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Thousands of scientists in the Russian Academy of Sciences (RAS) are about to lose their jobs as a result of the...
Dyslexia, a learning disability that hinders reading, hasn't been associated with deficits in vision, hearing, or...
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At age 30, Dutch biologist Freek Vonk has built up a respectable career as a snake scientist. But in his home country,...
Since arriving on the island of Guam in the 1940s, the brown tree snake ( Boiga irregularis ) has extirpated native...
- 5 December 2013 11:26 am , Vol. 342 , #6163
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Jupiter's Largest Moon May Have a Buried Ocean
18 December 2000 7:00 pm
SAN FRANCISCO--Ganymede, the largest of Jupiter's moons, probably harbors a deep salty sea entombed in thick layers of ice. The discovery, announced here on 16 December at a meeting of the American Geophysical Union (AGU), adds Ganymede to the list of two other Jovian moons--Europa and Callisto--that appear to host oceans beneath their pocked and fractured surfaces.
Evidence for Jovian seas comes from the Galileo spacecraft, which has orbited Jupiter since 1995 and periodically swoops near its moons. When Galileo gets close enough to the moons, it sometimes picks up their magnetic signatures. These weak fields are induced by Jupiter's own intense magnetic field, which extends far into space. As the tilted planet rotates, its powerful field changes direction, inducing electrical currents in any conducting layer within the moons. Those currents, in turn, spawn slight magnetic fields. Earlier this year, Galileo scientists confirmed an induced magnetic field around Europa, indicating that a salty ocean flows beneath its icy crust (ScienceNOW, 11 January). Even seemingly dead Callisto appears to host an internal sea (Science, 12 June 1998, p. 1694). However, Ganymede's core of molten iron and sulfur generates a magnetic field of its own, masking the subtle signatures that an ocean might produce.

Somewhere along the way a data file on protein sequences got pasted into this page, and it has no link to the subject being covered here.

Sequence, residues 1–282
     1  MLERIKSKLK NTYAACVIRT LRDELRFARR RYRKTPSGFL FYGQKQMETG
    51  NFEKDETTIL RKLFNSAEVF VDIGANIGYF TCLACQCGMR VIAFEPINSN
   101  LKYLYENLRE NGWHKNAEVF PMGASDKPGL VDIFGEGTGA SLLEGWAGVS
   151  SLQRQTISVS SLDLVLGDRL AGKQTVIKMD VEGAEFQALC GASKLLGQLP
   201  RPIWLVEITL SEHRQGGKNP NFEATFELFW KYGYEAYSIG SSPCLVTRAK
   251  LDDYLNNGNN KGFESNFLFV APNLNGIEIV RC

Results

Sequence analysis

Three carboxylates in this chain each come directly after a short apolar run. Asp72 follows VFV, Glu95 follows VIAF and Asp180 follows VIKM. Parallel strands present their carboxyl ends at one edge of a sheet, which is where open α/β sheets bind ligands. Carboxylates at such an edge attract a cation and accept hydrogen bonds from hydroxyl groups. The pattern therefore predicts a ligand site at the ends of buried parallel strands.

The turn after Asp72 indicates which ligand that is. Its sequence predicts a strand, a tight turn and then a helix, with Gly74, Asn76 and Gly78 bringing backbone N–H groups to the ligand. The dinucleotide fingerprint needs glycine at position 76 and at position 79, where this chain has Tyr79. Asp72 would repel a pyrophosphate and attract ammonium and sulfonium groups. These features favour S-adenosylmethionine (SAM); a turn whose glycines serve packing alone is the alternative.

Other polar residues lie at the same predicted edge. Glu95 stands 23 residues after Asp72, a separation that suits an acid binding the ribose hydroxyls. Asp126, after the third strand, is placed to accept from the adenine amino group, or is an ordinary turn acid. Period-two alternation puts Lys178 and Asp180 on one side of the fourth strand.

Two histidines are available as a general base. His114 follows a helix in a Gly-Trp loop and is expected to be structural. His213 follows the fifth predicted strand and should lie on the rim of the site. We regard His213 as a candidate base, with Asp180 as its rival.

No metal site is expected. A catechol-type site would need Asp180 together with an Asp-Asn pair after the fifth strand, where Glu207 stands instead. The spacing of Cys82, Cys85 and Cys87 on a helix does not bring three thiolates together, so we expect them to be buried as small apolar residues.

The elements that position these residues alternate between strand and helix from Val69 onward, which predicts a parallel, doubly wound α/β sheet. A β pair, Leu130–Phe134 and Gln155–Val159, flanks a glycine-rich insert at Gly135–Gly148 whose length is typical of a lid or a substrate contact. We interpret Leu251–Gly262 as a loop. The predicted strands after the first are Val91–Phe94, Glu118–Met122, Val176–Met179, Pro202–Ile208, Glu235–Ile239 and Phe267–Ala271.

Galileo's latest close encounter with Ganymede, in May, provided researchers with enough data to discern the faint signal. Planetary scientist Margaret Kivelson of the University of California, Los Angeles, and her colleagues found that Ganymede's internal field shuddered on its axis by 3.6 angular degrees as Jupiter's field rocked back and forth. That shift, Kivelson says, is consistent with a watery layer just a few kilometers thick, buried beneath about 170 kilometers of ice. The results are "compelling but not totally unambiguous," she notes.
Planetary theorist David Stevenson of the California Institute of Technology in Pasadena agrees that the best explanation for the magnetic field data is a deep layer of salty water. What makes that layer possible are temperatures that approach -20°C within Jupiter's outer icy moons at certain depths--exceeding the melting point of ice at high pressures. Some slushy ice may have oozed to the surface in Ganymede's past if the ocean was closer to the surface, Stevenson notes, creating smoother lanes of ice between crumpled fragments of the crust. But he says life isn't likely in the curious ice-water-ice "sandwiches" on Ganymede and Callisto.